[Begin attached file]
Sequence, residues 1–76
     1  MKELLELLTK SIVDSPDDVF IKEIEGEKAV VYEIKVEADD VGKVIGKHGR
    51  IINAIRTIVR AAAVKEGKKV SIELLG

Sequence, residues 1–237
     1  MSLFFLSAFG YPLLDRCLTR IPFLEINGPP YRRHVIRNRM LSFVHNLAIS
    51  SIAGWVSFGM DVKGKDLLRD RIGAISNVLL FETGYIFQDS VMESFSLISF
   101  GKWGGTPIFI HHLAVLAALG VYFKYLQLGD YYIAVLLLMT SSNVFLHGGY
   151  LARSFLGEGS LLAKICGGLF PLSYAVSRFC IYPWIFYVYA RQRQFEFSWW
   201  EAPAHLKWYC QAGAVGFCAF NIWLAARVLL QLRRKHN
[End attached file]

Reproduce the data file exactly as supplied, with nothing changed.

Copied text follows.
Sequence, residues 1–76
     1  MKELLELLTK SIVDSPDDVF IKEIEGEKAV VYEIKVEADD VGKVIGKHGR
    51  IINAIRTIVR AAAVKEGKKV SIELLG

Sequence, residues 1–237
     1  MSLFFLSAFG YPLLDRCLTR IPFLEINGPP YRRHVIRNRM LSFVHNLAIS
    51  SIAGWVSFGM DVKGKDLLRD RIGAISNVLL FETGYIFQDS VMESFSLISF
   101  GKWGGTPIFI HHLAVLAALG VYFKYLQLGD YYIAVLLLMT SSNVFLHGGY
   151  LARSFLGEGS LLAKICGGLF PLSYAVSRFC IYPWIFYVYA RQRQFEFSWW
   201  EAPAHLKWYC QAGAVGFCAF NIWLAARVLL QLRRKHN